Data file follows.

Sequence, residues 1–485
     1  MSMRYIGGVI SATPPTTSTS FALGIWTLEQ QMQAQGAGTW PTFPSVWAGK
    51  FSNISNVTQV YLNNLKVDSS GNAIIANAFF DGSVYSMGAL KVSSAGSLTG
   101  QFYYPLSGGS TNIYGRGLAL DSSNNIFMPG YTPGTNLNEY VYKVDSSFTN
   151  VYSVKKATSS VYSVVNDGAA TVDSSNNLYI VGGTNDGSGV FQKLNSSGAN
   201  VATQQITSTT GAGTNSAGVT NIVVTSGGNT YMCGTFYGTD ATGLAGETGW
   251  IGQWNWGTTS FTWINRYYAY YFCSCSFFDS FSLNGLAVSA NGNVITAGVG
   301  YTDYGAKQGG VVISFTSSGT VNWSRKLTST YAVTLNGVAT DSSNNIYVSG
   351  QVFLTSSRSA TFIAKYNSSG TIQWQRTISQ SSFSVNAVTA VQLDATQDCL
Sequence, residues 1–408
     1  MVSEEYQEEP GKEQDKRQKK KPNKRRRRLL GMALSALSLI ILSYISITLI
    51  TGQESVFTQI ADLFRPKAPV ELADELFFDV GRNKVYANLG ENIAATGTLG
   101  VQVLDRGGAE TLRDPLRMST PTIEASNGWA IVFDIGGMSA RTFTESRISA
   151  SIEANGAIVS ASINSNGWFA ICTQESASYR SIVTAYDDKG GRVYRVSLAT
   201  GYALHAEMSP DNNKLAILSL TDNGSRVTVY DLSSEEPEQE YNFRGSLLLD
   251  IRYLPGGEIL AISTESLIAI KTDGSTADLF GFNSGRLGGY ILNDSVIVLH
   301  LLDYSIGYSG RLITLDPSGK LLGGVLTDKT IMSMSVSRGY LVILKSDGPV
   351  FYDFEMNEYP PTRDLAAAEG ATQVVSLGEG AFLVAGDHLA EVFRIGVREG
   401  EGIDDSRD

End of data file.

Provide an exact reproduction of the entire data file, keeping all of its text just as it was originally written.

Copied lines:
Sequence, residues 1–485
     1  MSMRYIGGVI SATPPTTSTS FALGIWTLEQ QMQAQGAGTW PTFPSVWAGK
    51  FSNISNVTQV YLNNLKVDSS GNAIIANAFF DGSVYSMGAL KVSSAGSLTG
   101  QFYYPLSGGS TNIYGRGLAL DSSNNIFMPG YTPGTNLNEY VYKVDSSFTN
   151  VYSVKKATSS VYSVVNDGAA TVDSSNNLYI VGGTNDGSGV FQKLNSSGAN
   201  VATQQITSTT GAGTNSAGVT NIVVTSGGNT YMCGTFYGTD ATGLAGETGW
   251  IGQWNWGTTS FTWINRYYAY YFCSCSFFDS FSLNGLAVSA NGNVITAGVG
   301  YTDYGAKQGG VVISFTSSGT VNWSRKLTST YAVTLNGVAT DSSNNIYVSG
   351  QVFLTSSRSA TFIAKYNSSG TIQWQRTISQ SSFSVNAVTA VQLDATQDCL
Sequence, residues 1–408
     1  MVSEEYQEEP GKEQDKRQKK KPNKRRRRLL GMALSALSLI ILSYISITLI
    51  TGQESVFTQI ADLFRPKAPV ELADELFFDV GRNKVYANLG ENIAATGTLG
   101  VQVLDRGGAE TLRDPLRMST PTIEASNGWA IVFDIGGMSA RTFTESRISA
   151  SIEANGAIVS ASINSNGWFA ICTQESASYR SIVTAYDDKG GRVYRVSLAT
   201  GYALHAEMSP DNNKLAILSL TDNGSRVTVY DLSSEEPEQE YNFRGSLLLD
   251  IRYLPGGEIL AISTESLIAI KTDGSTADLF GFNSGRLGGY ILNDSVIVLH
   301  LLDYSIGYSG RLITLDPSGK LLGGVLTDKT IMSMSVSRGY LVILKSDGPV
   351  FYDFEMNEYP PTRDLAAAEG ATQVVSLGEG AFLVAGDHLA EVFRIGVREG
   401  EGIDDSRD